Jordanians cheer prisoners' release

Hundreds celebrated the release of four Jordanian citizens who completed Israeli prison sentences in Jordan.

Relatives attend the release of Jordanian militants, who served 17 years in prison for killing Israeli soldiers.
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AMMAN // Hundreds of Jordanians gathered outside the Gafgafa prison, 60km north of Amman, yesterday to celebrate the release of four Jordanian citizens who completed prison sentences in the country after being transferred from Israeli prisons 13 months ago. In emotionally charged scenes, women ululated and sprinkled flowers as family and friends distributed sweets to mark the release of Sultan Ajlouni, Khaled and Salem Abu Ghalyoun and Amin al Sanee. All four men had spent 17 years in prison in Israel for killing four Israeli soldiers in two separate attacks in 1990 - four years before Jordan and Israel signed a peace treaty.

Israel had refused to release the four saying they had "blood on their hands", but the men were finally handed to the Jordanians under pressure from King Abdullah II to serve out the remaining 18 months. Jordanian law stipulates that a month in jail is 21 days and prisoners can serve three-quarters of their term if they show good behaviour. Dressed in khaki, the four men walked out of the prison gates holding aloft the Jordanian flag to meet the crowds, who chanted "God is Great," and called for "the army of Mohammed to return".

The crowds marched, some holding the green flags of the Muslim Brotherhood, and others raising photos of King Abdullah. The mother of Sultan Ajlouni kissed the ground, grateful to see her son, who crossed over into Israel in 1990 and killed an Israeli soldier. "Eighteen years are enough ... now it is time to work in order to release all the other Arab prisoners in Israeli jails," Mr Ajlouni said. "This is a day of joy for us, but the happiness is not complete, not until the other prisoners are released," said Mr Ajlouni's brother, Saleh, who heads a national committee that follows up on prisoners in Israel.

"There is still a thorny issue as there is a huge number of prisoners in the jails of the Zionist occupation," he said. There are 28 Jordanians in prison in Israel and 25 other Jordanian nationals are listed as missing, according to the committee. Officials in Jordan's foreign ministry said about 20 were in Israeli jails, all imprisoned after the peace treaty. "We continue to follow up on their health and their situation. There are efforts ? and we are trying to reach an agreement with Israel to secure their release. And with our diplomacy we were able to release the four prisoners," said a foreign ministry spokesman.

Itai Bardov, a spokesman for the Israeli Embassy in Amman, said his country "explained to Jordan that we would have preferred to have their release postponed until the full 18 months are up". But he told The Associated Press the Jordanian decision would not affect relations and his government did not "see this as an anti-Israeli move". Some 30km away, in Muqabaleen, Mr Sanee arrived in a convoy of honking cars. His five sisters and new wife, Amal, beat drums, sang and ululated, while the men sat under a canopy, sipping bitter coffee.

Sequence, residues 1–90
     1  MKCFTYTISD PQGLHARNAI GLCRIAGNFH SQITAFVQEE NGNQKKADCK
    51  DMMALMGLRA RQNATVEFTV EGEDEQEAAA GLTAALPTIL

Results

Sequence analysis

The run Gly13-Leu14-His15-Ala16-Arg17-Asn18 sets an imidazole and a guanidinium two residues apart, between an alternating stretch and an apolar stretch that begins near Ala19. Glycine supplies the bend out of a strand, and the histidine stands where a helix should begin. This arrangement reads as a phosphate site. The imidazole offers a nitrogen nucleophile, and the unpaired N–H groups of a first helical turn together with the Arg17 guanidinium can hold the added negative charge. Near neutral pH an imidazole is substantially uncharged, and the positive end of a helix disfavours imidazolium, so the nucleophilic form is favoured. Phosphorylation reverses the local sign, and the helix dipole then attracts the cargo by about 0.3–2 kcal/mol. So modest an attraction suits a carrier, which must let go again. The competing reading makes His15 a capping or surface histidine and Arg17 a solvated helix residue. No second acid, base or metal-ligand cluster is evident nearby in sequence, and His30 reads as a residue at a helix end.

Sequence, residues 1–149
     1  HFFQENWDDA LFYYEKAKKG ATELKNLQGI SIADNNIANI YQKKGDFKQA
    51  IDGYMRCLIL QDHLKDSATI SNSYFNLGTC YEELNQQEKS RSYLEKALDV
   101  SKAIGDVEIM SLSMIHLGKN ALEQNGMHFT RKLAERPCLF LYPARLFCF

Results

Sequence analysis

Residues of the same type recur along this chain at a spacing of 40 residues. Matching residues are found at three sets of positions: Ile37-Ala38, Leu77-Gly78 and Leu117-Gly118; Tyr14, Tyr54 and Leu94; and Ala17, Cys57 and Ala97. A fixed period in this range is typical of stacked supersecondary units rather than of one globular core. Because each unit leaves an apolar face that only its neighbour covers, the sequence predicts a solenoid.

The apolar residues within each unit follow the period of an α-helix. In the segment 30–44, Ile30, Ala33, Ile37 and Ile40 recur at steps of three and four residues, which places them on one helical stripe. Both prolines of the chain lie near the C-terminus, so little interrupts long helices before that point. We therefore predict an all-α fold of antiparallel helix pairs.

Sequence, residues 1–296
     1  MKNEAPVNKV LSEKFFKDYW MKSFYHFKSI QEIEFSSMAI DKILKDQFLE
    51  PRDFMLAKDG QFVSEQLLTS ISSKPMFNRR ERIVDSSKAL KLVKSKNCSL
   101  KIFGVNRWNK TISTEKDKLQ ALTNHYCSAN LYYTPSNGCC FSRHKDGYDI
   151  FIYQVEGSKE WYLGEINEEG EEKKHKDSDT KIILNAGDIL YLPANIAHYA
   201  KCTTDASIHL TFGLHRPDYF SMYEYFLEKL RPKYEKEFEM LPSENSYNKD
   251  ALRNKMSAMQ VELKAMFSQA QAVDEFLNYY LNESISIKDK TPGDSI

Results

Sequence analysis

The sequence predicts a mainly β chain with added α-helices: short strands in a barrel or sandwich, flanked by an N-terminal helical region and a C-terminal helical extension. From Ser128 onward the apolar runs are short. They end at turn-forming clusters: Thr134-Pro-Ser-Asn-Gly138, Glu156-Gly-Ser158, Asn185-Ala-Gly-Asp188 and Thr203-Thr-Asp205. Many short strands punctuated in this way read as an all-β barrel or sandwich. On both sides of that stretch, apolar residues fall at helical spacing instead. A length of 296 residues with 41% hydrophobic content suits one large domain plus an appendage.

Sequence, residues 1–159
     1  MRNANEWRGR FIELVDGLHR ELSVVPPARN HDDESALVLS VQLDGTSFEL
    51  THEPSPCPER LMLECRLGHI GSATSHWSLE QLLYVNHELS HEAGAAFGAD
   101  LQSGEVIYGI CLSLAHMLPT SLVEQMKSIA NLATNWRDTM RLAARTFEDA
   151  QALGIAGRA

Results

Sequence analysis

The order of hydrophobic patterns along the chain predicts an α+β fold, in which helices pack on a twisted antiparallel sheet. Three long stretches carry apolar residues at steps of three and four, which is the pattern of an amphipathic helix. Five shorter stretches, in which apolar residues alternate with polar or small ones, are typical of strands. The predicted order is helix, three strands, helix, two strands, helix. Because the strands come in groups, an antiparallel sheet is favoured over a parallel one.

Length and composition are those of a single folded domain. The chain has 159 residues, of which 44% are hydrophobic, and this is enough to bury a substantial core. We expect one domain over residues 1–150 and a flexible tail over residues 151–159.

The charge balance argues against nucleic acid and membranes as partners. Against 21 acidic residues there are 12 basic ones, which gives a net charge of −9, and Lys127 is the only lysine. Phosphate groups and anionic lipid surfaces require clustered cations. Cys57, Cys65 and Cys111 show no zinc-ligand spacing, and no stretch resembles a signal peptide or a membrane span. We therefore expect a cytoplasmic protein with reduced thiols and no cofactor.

"Thank God for the freedom, which is priceless," Mr Sanee said on his arrival. "Our joy will only be complete when Palestine is liberated." Asked about life in Israeli prisons, he said: "We suffered every day, even when it comes to the water that we drink or the air that we breathe. The Israelis even tried to make the windows smaller in prison to deprive us of air," he said. Mr Sanee, 42, met Amal, 24, at a family lunch when he was released for 24 hours to celebrate Eid al Fiter, the feast of breaking fast, last year. The two were married a few months later during another 24-hour leave to mark Eid al Adha, the feast of sacrifice.

Last year the Jordanians and the Israelis agreed that the four men could be freed at the same time that Israel releases other Arab prisoners with similar charges. But when the four remained in detention after last month's prisoner swap between Hizbollah and Israel last month, a public outcry grew. "Israel exchanged prisoners with Hizbollah and did not do the same with Jordan, with whom it had signed a peace deal," said Labib Qamhawi, a political analyst.

"This is really embarrassing because Jordan should be more important to Israel than Hizbollah. "Jordan did not want to be seen running in the shadow of Hizbollah." Some commentators have criticised the Hizbollah prisoner swap for sending a message that Israel responds to force before peace. The peace treaty that Jordan signed with Israel does not mention Jordanian prisoners. "Jordanians feel that the treaty was severely disadvantageous because too many issues should have been addressed, including that of the Jordanian prisoners," Mr Qamhawi said. "People believe that it was sealed without any serious consideration for the interest of the country and that's why they don't accept it till now," he said.

The foreign ministry spokesman defended the treaty, however. "Having peace between neighbouring countries benefits both. Jordan uses its ties with Israel to help the Palestinians and to push for efforts towards a peaceful settlement," a ministry spokesman said.